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J Infect Dis. 1999 Oct;180(4):1195-204.

Modulation of intracellular growth of Listeria monocytogenes in human enterocyte Caco-2 cells by interferon-gamma and interleukin-6: role of nitric oxide and cooperation with antibiotics.

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Unité de Pharmacologie Cellulaire et Moléculaire, Université Catholique de Louvain, UCL, B-1200 Brussels, Belgium. ouadrhiri@facm.


The influence of interferon (IFN)-gamma and interleukin (IL)-6 on the intracellular growth of Listeria monocytogenes phagocytosed from the apical pole was examined in polarized Caco-2 cells. IFN-gamma (from the apical pole) and IL-6 (from the basolateral pole) considerably reduced the bacterial intracellular growth, an effect largely abolished by l-monomethyl arginine. Both cytokines caused overexpression of inducible nitric oxide synthase. IL-6, but not IFN-gamma, caused a partial restriction of L. monocytogenes in phagosomes and largely prevented the cytosolic forms from being surrounded by actin. Ampicillin was bacteriostatic in unstimulated cells but modestly bactericidal in cells treated with IFN-gamma and IL-6. Azithromycin (a macrolide) was fairly bactericidal and sparfloxacin (a fluoroquinolone) highly bactericidal in all situations. IFN-gamma and IL-6 may therefore be important determinants in the protection of epithelial cells from intracellular multiplication of L. monocytogenes. Ampicillin may fail in their absence, requiring the use of other antibiotics such as the fluoroquinolones.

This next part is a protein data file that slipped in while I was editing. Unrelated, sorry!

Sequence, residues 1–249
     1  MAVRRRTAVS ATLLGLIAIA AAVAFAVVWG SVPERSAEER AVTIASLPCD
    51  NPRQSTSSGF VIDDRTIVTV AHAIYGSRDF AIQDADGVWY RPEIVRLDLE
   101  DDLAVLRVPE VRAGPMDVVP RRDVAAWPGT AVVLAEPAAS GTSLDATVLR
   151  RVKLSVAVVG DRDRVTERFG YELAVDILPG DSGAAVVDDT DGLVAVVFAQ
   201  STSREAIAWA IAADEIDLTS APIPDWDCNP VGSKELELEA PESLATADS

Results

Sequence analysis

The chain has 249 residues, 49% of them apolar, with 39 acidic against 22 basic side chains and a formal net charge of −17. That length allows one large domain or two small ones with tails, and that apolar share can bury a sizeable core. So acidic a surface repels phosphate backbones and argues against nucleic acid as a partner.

[Indexed for MEDLINE]

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